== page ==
The rogue regime may have found a new use for its idle coal supplies.
Last month, North Korea was banned from exporting coal to China, its biggest buyer. The rogue regime may have found a new use for these idle coal supplies: powering bitcoin mines.
That’s according to research by Recorded Future, an information security firm that counts the Central Intelligence Agency’s venture capital arm among its investors, and security non-profit Team Cymru. The research identified activity that the firms believe is bitcoin mining in North Korea starting on May 17. The analysts don’t know if the mining is ongoing, but the activity was present in the last data point Recorded Future collected, from July 6, the firm told Quartz.
Bitcoin mining consumes large amounts of electricity to feed the vast computational power necessary for miners to release new supplies of bitcoin. The bitcoin network releases 12.5 bitcoins (about $50,000 worth, at the current bitcoin price) every 10 minutes to a miner as an incentive for checking bitcoin transactions and adding them to the cryptocurrency’s immutable, distributed ledger, known as the blockchain.
Bitcoin mines are generally large server farms containing thousands of machines specifically designed to mine the cryptocurrency. One of the world’s largest bitcoin mines, in Inner Mongolia, runs an electricity bill of $39,000 a day. North Korea is among the top 10 net exporters of coal globally, according to the International Energy Agency. Since the country can no longer earn revenue from coal exports, it makes sense that it might put some coal to use generating electricity for a bitcoin mine.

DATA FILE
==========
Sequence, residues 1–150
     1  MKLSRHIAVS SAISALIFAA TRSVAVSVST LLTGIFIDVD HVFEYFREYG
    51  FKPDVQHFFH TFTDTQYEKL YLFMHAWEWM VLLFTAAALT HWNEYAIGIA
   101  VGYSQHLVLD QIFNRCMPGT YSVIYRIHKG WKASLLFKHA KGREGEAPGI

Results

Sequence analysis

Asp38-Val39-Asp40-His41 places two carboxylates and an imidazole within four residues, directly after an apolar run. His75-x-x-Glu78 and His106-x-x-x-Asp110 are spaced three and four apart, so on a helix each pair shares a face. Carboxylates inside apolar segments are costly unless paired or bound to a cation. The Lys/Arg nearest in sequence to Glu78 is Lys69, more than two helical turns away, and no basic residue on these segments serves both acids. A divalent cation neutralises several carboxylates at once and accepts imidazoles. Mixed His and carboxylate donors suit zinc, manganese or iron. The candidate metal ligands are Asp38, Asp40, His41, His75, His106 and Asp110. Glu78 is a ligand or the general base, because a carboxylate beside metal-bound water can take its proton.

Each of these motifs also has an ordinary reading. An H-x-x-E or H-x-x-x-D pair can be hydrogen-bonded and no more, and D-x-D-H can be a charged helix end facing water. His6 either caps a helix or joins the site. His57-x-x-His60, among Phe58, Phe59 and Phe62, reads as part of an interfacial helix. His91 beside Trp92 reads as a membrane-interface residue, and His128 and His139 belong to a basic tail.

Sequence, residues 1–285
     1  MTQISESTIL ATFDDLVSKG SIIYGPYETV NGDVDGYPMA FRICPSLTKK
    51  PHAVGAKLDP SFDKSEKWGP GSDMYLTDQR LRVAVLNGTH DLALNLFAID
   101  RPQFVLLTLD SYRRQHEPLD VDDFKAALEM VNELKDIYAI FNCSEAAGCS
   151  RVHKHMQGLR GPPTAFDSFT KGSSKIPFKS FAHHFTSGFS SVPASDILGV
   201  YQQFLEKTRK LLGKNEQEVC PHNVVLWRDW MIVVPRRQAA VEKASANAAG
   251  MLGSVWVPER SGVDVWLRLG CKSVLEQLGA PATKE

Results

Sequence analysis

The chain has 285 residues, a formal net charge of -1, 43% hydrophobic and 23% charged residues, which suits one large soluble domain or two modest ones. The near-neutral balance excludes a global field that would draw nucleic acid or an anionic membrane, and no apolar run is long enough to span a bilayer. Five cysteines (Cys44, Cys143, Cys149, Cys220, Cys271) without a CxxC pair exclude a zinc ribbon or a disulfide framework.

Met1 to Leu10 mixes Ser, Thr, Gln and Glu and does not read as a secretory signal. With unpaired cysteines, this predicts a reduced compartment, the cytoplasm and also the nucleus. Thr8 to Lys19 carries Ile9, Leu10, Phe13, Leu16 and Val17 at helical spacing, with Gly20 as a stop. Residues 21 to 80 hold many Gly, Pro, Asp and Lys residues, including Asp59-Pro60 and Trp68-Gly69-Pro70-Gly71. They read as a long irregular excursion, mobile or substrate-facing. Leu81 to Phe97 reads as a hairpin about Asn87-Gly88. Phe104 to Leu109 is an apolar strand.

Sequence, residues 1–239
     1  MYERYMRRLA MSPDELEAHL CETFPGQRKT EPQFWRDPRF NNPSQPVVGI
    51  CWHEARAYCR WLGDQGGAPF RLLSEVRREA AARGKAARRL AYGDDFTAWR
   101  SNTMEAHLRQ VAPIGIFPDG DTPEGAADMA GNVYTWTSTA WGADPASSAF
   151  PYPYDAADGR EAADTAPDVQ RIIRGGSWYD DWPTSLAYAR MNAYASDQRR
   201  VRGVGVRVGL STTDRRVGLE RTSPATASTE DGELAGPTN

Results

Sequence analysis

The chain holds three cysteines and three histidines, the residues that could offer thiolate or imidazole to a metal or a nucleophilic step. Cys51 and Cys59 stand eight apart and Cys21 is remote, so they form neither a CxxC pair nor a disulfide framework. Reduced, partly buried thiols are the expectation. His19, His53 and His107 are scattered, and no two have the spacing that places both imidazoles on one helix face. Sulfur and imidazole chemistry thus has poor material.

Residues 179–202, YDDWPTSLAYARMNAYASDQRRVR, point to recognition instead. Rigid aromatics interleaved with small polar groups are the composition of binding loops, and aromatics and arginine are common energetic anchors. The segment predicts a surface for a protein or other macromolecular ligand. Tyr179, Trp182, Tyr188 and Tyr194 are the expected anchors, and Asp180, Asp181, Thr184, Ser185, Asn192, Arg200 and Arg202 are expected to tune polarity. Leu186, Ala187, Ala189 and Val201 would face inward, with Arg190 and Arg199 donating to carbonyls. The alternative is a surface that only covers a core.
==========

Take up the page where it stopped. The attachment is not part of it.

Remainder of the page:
Recorded Future also found that North Korean elites, who have unrestricted access to the internet, were using virtual private networks (VPNs) to make online purchases with bitcoin. These North Korean VPN users were also checking their Gmail accounts, logging into Twitter, buying expensive sneakers, and watching porn. The firm was able to track the activity because the VPNs and other traffic-masking techniques were used incorrectly, it said.
The researchers couldn’t tell how much processing power North Korea’s suspected bitcoin mines possess. But they believe it’s just one part of a larger strategy to generate revenue for the increasingly isolated regime. Previously FireEye, another security firm, found evidence that North Korean hackers were targeting South Korean bitcoin exchanges to steal their crypto funds. North Korea is also believed to be behind the global ransomware attack WannaCry, which froze computer systems and demanded a bitcoin payment to unlock them.
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